Dx 6/30/2010, IDC, 1cm, Stage Ia, Grade 3, 0/3 nodes, ER+, HER2-
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Oct 28, 2010 01:25PM Luah wrote:

In Canada, the neulasta shots were quoted to me as $2500 per injection.  The drug company has a Victory program that supplements insurance benefits. Not sure if it applies in the U.S. but you might inquire.

I did the injections myself - not so bad really.

We've been through some things together/With trunks of memories still to come/Long may you run (Neil Young). Lx, ALND, 4 DD AC &12 weekly Taxol, 31 rads, completed Jul 10

Dx 9/14/2009, IDC, 2cm, Stage IIb, Grade 3, 1/14 nodes, ER-/PR-, HER2-
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Oct 28, 2010 01:40PM Fighter_34 wrote:

^^^^

I am doing the same thing Lago. It's too time consuming to come back the next day for the shot and too much of a drive. My copay is 30 as well.

Dx 8/30/2010, IDC, 1cm, Stage I, Grade 3, 0/1 nodes, ER-/PR-, HER2-
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Oct 28, 2010 01:51PM Wonderland wrote:

Nulasta cost is shocking! My Neulasta shot cost $6300/shot. I had 7 of them. Even having the shot, my white blood count bottomed out and I was hospitalized. I can't imagine what would have happened to me if I didn't have the shot!

Towards the end of chemo I needed 3 Aranesp shots (for red blood counts). They cost less but still a couple of thousands/shot.

"Put on your coat. It's easier to stay warm than it is to get warm." George the Llama Man

Dx 11/2006, IDC, <1cm, Stage IIa, Grade 2, 2/36 nodes, ER+/PR+, HER2-
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Oct 28, 2010 03:42PM, edited Oct 28, 2010 06:17PM by lovemygarden

I have no insurance, and the cost of Neulasta was the main reason I opted to get Taxol instead of Taxotere. I could not have afforded the shots along with having to pay for everything else out of pocket!  Taxol doesn't trash your whitecells nearly as much as Taxotere does; most people on Taxol don't drop low enough to need Neulasta.  My counts held up beautifully over the 12 weeks of Taxol; they dropped a little during the last 4 weeks but not low enough to cause any concern.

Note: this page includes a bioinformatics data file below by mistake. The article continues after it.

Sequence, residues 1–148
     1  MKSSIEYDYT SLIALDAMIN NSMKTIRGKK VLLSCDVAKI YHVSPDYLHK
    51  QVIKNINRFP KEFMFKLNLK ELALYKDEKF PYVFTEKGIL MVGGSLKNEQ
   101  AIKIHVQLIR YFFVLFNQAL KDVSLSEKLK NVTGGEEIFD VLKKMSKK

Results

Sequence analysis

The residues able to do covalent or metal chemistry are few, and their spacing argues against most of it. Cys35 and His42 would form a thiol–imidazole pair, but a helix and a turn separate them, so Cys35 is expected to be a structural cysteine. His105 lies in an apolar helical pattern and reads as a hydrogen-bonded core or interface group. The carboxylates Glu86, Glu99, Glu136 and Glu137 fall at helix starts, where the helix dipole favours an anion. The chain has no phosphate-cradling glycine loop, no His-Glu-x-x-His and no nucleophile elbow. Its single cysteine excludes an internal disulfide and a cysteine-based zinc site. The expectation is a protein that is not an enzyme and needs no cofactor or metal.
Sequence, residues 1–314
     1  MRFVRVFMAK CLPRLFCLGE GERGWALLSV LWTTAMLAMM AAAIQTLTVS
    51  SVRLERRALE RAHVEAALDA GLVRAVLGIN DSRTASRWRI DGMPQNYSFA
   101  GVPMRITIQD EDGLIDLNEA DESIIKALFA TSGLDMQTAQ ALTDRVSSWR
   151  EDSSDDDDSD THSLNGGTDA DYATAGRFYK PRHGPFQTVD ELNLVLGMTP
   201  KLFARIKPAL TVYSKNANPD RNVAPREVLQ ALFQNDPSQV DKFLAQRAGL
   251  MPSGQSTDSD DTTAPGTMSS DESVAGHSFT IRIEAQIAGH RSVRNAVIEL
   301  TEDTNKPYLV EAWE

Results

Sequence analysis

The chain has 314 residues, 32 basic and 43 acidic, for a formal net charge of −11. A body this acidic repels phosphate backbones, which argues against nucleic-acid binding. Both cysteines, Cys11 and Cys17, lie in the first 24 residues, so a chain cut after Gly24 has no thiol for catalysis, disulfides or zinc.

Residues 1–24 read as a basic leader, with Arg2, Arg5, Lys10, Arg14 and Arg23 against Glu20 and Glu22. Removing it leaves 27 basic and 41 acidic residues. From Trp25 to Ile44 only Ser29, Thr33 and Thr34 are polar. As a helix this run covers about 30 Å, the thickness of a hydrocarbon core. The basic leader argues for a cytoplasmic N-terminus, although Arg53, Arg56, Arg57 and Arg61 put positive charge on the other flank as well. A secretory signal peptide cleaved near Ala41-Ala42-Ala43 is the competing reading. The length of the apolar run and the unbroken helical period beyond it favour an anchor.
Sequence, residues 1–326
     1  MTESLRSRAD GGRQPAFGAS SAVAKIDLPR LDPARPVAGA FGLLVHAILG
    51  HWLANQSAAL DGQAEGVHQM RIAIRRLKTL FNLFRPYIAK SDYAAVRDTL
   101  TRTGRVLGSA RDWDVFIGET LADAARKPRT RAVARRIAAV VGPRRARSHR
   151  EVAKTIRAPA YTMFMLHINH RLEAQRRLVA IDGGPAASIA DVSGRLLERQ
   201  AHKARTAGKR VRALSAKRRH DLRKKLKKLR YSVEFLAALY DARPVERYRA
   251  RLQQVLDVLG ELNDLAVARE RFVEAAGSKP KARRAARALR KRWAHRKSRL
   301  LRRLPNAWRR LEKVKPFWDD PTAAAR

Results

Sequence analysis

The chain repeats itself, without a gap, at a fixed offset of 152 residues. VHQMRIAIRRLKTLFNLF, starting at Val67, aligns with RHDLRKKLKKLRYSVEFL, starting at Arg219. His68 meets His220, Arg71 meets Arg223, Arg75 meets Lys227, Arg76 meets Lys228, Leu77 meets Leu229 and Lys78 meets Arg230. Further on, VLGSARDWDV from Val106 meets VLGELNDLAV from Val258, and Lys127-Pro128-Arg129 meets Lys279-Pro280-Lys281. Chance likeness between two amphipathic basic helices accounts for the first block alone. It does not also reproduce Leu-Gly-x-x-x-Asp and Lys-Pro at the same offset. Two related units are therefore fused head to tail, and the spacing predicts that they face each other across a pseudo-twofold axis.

Btw, Neupogen which is a similar drug is less expensive than Neulasta (though still not cheap). The main difference is that Neulasta is "turbo charged" so to speak, and only needs one dose per treatment, whereas Neupogen has to be administered as multiple daily shots given over 3-4 days in succession.

Because Neulasta is a biologic drug (like Herceptin is) it will probably never (because of current FDA rules) have a generic version, and so the cost of it will probably never come down from the current stratospheric levels. Ironically there are generic versions in Europe but not here. Neupogen is also a biologic but with some differences. Interesting article here about the legal squabble over a generic ("biosimilar") version of Neupogen: www.gabionline.net/Biosimilars...

As always, it's the patients who get the short end of the needle, er, stick!